He turned his attention on me all of a sudden. One minute I was quiet, invisible, the youngest person on an already young team, trying to earn as many bylines as I could, the next I was in focus as soon as I walked in. "Why are you wearing that?" he'd ask, every single day. "Why are you wearing that neckline, those sleeves? This is an office!" Other people wore similar clothes--it was a young office after all--but it was to me he turned fashion critic, moral police of my spaghetti straps. I grew so uncomfortable, I chose only shirts with collars after that or loose t-shirts. He got bored, but not before I learnt to sneak in past his desk and settle myself in without being spotted.
Years later, I learnt that was sexual harassment. I was only 21, this was the early noughties, and no one thought to speak to us about inappropriate behaviour beyond the obvious grabbing-and-molesting. Behaviour that would make a female employee uncomfortable or afraid of a male one. Behaviour a male employee would not show towards another man.
I've been thinking a lot about these things lately, because the Good Thing did a story on a young girl, a legal intern who was sexually harassed by a Supreme Court judge. The interview went on to go viral, and suddenly, over the last week, all he's been doing is thinking about it, and as a consequence, talking about it.
What do you do when someone in power takes advantage of your power dynamic? How do you say no without ruining whatever prospects you have for advancement?
Consider the case of David Davidar, who was accused of sexual harassment in Canada. I'm not saying he did or did not do it, but many authors he had worked with in India stood behind him. Many prominent editors too. How would you allege a case of inappropriate behaviour against someone so popular and still "work in that town again?"
Do you separate a person's actions from the work they do? Would you still watch a Woody Allen movie? Knowingly hum along to Nazi-supporter Wagner? Would you defend a friend you loved who you knew could be extremely lecherous, just because you love him?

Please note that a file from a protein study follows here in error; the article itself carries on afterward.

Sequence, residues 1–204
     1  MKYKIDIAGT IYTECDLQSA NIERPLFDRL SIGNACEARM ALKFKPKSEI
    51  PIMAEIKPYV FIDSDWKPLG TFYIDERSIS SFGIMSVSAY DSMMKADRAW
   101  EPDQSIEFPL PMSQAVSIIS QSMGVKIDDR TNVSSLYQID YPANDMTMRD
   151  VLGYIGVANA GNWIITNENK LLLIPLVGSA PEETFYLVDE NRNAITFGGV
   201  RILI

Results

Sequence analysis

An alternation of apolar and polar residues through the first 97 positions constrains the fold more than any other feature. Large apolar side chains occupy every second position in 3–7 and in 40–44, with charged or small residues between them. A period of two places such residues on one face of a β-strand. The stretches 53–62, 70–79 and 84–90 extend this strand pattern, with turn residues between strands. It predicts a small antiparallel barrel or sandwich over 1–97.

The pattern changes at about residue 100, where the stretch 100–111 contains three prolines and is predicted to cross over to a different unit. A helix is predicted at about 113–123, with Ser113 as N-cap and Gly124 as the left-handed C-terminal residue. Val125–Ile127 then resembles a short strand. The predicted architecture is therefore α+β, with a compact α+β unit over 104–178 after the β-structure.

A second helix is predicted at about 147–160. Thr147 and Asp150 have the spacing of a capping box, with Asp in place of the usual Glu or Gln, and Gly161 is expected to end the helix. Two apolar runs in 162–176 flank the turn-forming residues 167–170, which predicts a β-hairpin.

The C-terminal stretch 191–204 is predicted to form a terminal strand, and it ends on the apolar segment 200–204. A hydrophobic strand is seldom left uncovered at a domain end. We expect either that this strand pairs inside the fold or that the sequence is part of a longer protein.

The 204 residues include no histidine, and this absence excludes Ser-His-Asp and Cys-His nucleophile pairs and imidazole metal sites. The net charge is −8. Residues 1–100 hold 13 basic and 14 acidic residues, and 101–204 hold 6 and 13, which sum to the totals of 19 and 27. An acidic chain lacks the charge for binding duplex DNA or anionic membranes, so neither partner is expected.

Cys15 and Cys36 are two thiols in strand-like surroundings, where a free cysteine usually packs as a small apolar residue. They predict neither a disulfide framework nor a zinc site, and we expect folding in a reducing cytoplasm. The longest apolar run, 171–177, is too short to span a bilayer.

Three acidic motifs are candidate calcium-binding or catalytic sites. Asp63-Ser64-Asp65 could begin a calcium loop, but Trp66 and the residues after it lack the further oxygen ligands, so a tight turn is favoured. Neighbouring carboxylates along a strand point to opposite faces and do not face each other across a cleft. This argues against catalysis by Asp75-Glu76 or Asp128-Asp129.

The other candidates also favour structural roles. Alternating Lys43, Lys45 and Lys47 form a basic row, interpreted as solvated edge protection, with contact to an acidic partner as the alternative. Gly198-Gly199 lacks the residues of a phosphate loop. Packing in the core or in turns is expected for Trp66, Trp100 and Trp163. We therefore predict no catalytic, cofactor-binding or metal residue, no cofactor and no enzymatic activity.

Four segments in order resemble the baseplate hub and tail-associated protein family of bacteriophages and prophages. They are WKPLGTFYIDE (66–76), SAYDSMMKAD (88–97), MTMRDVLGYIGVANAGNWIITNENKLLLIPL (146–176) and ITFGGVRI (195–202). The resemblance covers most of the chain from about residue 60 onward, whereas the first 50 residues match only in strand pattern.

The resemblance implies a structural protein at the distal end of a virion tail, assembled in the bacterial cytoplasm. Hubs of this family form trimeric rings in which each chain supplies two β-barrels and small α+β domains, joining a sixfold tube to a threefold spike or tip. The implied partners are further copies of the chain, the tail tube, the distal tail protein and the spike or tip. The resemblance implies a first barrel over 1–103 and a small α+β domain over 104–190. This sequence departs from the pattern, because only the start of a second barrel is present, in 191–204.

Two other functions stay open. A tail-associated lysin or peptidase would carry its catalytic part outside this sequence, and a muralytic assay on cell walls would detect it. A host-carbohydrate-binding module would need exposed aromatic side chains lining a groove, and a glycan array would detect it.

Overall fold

It's one of the great regrets of my life that I did not report this former editor, this man with his bloated ego and sense of "I can say whatever I like" because I'm older than you, and I'm a man, and I've been in journalism for 10 years or whatever. I wish I'd had him slapped on the wrist, and not left him to float through journalism making other people uncomfortable. Corporates and MNCs have mandatory workshops, and some of them have an anonymous call-in to report behaviour. It's time for the rest of the country to catch up. It's time for newspaper offices to stop letting editors have their way with fresh young reporters, government bodies knowing that power doesn't mean power over someone else, and all of us in general to stop being scared that this will mean the END for us, the end of our careers or that people will hate us, and just report a horrible act that makes us feel less than professional.
I've worked very hard to be where I am today. I'm sure you have too. Let's not let some dude with an inflated sense of self take that away from us. Let's support each other, and maybe we'll have the courage to report a person to the authorities the next time it happens.
PS: If you'd like to share your experiences, go ahead and post it in the comments.
PS 2: Here is a link to the Vishaka guidelines against sexual harassment in the workplace.
EDIT: The new regulations for sexual harassement in the workplace that replaced the Vishaka Guidelines in 2013. Thanks for the tip, Debjani!